Terry said (not quoting exactly now) that a PT told him that if you had to ice regularly you should "STOP" doing the activity altogether. I know some swimmers who love swimming and are in the hot tub icing regularly. They would quite sad to STOP.

Is this really true?

That conversation took place about 8 years ago at the Olympic Training Center in Colo Spgs at a meeting of athletic trainers and PTs convened by USA Swimming. We were talking about the shocking prevalence of ice therapy among teenagers and college age swimmers. And the suggestion was not to stop swimming, but to cease doing the kind of swimming that was proving so stressful to shoulders.
And I should have made it more clear all along that the incidence of injury that I find so alarming is among younger swimmers, not the general soreness that I am well aware is part and parcel of being a middle-aged athlete.
Having said that I've seen plenty of examples of unnecessary injury among Masters as well - the three swimmers Dave Barra mentioned being cases in point.

KaizenSwimmer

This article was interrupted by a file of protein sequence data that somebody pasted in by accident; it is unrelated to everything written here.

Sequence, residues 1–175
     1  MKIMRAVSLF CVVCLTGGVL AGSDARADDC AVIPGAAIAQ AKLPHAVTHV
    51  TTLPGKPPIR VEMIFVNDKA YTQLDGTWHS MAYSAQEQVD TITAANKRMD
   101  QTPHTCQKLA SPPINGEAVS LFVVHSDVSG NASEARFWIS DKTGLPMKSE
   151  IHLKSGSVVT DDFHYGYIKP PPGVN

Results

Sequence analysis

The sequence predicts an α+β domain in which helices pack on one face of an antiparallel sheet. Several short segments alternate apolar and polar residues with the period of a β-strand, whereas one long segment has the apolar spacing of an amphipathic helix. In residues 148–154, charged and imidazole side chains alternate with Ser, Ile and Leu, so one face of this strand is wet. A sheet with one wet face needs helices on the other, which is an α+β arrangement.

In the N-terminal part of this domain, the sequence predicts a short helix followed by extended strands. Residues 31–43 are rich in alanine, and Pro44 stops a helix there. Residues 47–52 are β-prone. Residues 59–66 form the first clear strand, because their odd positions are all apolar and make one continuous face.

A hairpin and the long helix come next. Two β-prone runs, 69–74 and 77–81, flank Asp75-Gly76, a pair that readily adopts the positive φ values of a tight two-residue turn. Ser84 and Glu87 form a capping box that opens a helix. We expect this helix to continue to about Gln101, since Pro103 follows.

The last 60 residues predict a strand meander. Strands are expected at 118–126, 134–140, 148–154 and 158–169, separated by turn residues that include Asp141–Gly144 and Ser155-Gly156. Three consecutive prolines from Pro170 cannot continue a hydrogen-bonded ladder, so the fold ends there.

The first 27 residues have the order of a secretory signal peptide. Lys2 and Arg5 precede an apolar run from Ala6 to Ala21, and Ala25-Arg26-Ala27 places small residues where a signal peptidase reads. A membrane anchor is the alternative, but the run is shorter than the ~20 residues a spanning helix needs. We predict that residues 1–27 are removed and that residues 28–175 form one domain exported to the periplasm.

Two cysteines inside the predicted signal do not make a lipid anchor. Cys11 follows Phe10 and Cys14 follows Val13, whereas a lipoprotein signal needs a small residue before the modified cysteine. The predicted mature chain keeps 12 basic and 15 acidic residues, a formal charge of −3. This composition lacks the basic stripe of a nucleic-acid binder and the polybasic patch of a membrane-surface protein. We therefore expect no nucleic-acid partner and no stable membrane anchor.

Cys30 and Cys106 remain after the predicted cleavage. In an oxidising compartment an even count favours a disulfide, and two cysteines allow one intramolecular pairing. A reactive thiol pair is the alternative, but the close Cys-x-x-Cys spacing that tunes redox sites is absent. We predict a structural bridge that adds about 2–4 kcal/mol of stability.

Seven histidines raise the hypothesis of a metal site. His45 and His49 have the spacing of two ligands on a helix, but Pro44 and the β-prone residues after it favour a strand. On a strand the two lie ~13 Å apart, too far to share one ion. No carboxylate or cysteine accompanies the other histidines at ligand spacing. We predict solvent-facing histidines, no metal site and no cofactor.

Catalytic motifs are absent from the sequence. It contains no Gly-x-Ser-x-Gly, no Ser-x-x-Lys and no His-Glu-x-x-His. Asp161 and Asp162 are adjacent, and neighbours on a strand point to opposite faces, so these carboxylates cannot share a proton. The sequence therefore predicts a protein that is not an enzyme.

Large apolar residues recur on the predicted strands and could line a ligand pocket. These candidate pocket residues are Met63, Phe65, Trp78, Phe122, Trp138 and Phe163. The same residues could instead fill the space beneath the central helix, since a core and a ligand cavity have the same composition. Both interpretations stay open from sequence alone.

November 29th, 2006, 07:47 PM
A doctor kissing a lawyer?

Gull, you're a doctor? What kind?

The Fortress
November 29th, 2006, 07:50 PM
And I should have made it more clear all along that the incidence of injury that I find so alarming is among younger swimmers, not the general soreness that I am well aware is part and parcel of being a middle-aged athlete.

Well, I'm glad that middle-aged "dessication" explains something. You could have told us that little fact a few posts ago and we could have been kissing earlier.

I'm distressed though that you see a trend in younger swimmers. I thought they were not doing tons of mindless yardage and that they focus on technique much more than we used to before we became sore middle-agers.

The Fortress
November 29th, 2006, 07:52 PM
Gull, you're a doctor? What kind?

I believe Gull is the kind of doc we want if we are having a heart attack in the pool from overtraining. He is not the orthopod type. If he was, he'd get even more :smooch: on this forum.

gull
November 30th, 2006, 05:37 AM
Gull, you're a doctor? What kind?

Sprinter Girl is right--I'm a Cardiologist.

The Fortress
November 30th, 2006, 08:52 AM
Sleep on one side, face on back of hand and elbow pointed at bed headboard
=vs=
Sleep on one side, lying atop arm
=vs=
Sleep flat on back

Any studies done on the effects of sleep posture ?


NK French:

I love your avatar too! I also want to know which of your 4 sets of fins are your favorite shoulder savers.;)

I looked on the internet yesterday on the sleep position issue because I have been curious about that as well. I didn't really see any studies, just anecdotal evidence and advice from PTs or docs. They said:

Don't sleep on your stomach. It twists the neck, which sends pain elsewhere.